Film review: Fantasy Island a dud of a re-imagining

The horror movie forgets to thrill us because it’s too busy being clever

This horror remake of the hit 1970’s TV show of the same name cashes in on all the allure of the latter while holding on to none of the magic.

It’s a carbon copy horror film with a premise it never realizes fully. The idea of an island that can grant your biggest desires, but twists them into nightmares, is a pretty fun concept.

There was a lot of potential for some schlocky, B-movie thrills, but instead, we’re given too many plot devices, some truly inane twists, and an ending that spits in the face of the television show.

Director Jeff Wadlow has gone from serious promise with films like Cry Wolf, Never Back Down, and Kick-Ass 2 to truly terrible horror maestro.

While none of the above films were great, they did show some style and flair, but from teaming with Kevin James to connecting with Lucy Hale for 2018’s truly awful Truth or Dare, he’s lost my faith.

Hale herself stars here, and she overacts her way into what might be one of the earliest tips for a Razzie nomination this year. The fact actors like Bates Motel’s Mike Vogel and Crash’s Michael Pena — here as the venerable Mr. Roarke — are attached is truly astounding.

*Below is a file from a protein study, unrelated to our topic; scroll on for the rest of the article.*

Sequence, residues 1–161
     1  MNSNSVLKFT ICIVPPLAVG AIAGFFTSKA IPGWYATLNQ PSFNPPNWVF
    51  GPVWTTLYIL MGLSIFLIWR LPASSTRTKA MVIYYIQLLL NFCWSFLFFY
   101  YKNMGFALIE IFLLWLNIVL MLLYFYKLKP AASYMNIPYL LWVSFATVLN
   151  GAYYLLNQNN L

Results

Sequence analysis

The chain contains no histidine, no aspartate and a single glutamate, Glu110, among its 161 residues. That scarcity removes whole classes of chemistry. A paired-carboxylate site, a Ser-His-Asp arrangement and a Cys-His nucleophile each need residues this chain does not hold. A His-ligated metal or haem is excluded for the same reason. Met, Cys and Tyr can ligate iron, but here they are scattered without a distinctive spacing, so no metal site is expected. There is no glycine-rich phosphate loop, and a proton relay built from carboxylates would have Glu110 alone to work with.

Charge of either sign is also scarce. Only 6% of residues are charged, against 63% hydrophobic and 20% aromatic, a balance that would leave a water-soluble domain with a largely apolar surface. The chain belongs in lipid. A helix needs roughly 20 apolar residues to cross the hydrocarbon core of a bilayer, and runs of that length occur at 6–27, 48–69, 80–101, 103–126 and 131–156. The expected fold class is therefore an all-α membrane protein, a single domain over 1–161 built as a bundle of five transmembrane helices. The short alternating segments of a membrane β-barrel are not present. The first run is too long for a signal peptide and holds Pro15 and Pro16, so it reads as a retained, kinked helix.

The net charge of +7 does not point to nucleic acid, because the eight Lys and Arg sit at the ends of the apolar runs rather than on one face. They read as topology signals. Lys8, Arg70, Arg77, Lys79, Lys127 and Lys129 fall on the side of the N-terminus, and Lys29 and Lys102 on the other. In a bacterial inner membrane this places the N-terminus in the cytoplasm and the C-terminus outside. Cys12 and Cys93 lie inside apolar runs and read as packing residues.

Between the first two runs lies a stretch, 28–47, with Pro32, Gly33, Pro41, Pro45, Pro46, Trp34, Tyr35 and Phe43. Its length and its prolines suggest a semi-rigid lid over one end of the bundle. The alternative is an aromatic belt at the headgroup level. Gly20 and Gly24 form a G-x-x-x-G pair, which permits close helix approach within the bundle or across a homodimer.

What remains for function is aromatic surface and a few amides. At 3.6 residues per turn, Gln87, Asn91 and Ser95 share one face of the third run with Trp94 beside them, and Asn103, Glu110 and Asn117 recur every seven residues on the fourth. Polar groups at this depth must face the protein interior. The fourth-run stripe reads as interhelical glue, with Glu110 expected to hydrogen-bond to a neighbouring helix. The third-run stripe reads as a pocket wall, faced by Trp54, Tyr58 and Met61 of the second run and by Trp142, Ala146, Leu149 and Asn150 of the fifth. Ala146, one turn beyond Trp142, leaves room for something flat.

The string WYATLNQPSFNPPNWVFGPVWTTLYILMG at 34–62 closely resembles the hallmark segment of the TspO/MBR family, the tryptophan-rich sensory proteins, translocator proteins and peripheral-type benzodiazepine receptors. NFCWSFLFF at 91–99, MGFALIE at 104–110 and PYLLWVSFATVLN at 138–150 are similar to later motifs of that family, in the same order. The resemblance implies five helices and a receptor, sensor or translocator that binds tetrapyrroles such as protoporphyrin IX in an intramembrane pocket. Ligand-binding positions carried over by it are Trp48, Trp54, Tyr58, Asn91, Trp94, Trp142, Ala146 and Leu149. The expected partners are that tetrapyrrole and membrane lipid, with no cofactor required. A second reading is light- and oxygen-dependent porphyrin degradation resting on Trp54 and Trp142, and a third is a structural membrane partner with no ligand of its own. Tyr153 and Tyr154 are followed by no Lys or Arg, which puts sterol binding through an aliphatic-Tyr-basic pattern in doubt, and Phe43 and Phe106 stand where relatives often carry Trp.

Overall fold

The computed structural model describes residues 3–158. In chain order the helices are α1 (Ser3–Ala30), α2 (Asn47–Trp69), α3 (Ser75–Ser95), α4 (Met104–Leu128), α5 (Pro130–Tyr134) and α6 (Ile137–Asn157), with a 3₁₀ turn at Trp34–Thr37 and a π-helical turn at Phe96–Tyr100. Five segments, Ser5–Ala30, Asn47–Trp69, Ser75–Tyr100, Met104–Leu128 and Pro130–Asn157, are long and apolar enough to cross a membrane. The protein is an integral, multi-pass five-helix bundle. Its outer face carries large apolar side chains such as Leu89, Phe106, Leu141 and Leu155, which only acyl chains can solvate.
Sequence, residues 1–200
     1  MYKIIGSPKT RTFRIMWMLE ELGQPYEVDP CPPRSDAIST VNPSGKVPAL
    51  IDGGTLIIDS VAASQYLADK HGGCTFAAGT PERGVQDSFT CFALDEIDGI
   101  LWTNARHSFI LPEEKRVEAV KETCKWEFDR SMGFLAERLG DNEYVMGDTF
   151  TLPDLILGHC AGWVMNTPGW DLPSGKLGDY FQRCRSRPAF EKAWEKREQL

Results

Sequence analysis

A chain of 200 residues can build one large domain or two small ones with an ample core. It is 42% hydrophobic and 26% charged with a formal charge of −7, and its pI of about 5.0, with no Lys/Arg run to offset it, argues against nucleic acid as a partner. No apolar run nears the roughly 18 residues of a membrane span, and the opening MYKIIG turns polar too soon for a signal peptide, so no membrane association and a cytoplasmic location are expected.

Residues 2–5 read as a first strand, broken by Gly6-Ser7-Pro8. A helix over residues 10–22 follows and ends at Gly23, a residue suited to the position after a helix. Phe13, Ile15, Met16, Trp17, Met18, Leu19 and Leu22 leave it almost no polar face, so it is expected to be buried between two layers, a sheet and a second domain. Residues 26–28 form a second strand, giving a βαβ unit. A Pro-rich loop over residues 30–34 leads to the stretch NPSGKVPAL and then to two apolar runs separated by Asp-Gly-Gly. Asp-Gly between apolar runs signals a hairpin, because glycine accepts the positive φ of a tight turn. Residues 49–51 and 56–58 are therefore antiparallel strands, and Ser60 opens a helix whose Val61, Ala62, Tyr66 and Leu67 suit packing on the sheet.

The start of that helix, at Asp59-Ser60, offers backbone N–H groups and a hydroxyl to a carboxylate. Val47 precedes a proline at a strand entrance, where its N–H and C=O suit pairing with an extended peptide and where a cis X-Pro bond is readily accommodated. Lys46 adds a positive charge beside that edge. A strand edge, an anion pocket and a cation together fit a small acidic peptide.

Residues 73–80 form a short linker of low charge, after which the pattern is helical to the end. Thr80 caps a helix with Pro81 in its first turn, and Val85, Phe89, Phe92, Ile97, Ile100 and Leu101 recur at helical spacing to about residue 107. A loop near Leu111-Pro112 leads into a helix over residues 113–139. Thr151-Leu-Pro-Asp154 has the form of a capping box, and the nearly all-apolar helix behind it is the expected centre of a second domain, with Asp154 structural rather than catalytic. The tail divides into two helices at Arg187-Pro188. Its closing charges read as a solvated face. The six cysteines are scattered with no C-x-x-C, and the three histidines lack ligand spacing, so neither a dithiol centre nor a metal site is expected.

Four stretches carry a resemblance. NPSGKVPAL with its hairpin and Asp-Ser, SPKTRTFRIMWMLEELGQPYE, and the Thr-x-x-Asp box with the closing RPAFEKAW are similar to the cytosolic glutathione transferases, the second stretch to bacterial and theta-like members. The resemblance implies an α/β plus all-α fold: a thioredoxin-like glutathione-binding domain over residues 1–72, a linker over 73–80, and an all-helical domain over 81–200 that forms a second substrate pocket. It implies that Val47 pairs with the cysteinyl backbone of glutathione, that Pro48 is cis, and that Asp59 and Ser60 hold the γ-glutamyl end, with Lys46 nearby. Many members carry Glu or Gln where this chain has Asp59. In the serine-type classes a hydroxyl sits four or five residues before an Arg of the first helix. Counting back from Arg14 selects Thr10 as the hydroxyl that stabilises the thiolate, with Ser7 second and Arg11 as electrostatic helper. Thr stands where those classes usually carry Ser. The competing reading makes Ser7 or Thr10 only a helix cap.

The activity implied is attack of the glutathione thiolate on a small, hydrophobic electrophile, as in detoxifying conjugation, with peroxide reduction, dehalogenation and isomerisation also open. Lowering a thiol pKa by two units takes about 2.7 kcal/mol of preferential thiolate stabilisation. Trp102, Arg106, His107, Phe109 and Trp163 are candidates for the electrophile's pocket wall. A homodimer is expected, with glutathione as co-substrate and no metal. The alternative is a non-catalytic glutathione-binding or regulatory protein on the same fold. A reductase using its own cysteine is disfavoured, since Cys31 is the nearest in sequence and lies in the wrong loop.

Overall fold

Along with The Walking Dead’s Michael Rooker and Sons Of Anarchy stalwart Kim Coates, this is a masterclass in bad decisions all around.

The only saving grace is Designated Survivor’s Maggie Q, who lends some emotional heft to the proceedings. There is a rather surprising gay subplot that, while wholly unnecessary, is also a pretty great show for representation.

But overall, the film itself and especially the final half-hour, are the furthest thing from fantasies I’ve witnessed on-screen.

The film forgets to thrill us because it’s too busy being clever. But a sixth grader could have come up with a better climax, and audiences will leave feeling duped.

The only fantasy I had during the film was that I’d finally get to see the credits roll.

Jordan Parker is a PR professional and journalist in Halifax, and these reviews appear first on his film blog Parker & the Picture Shows.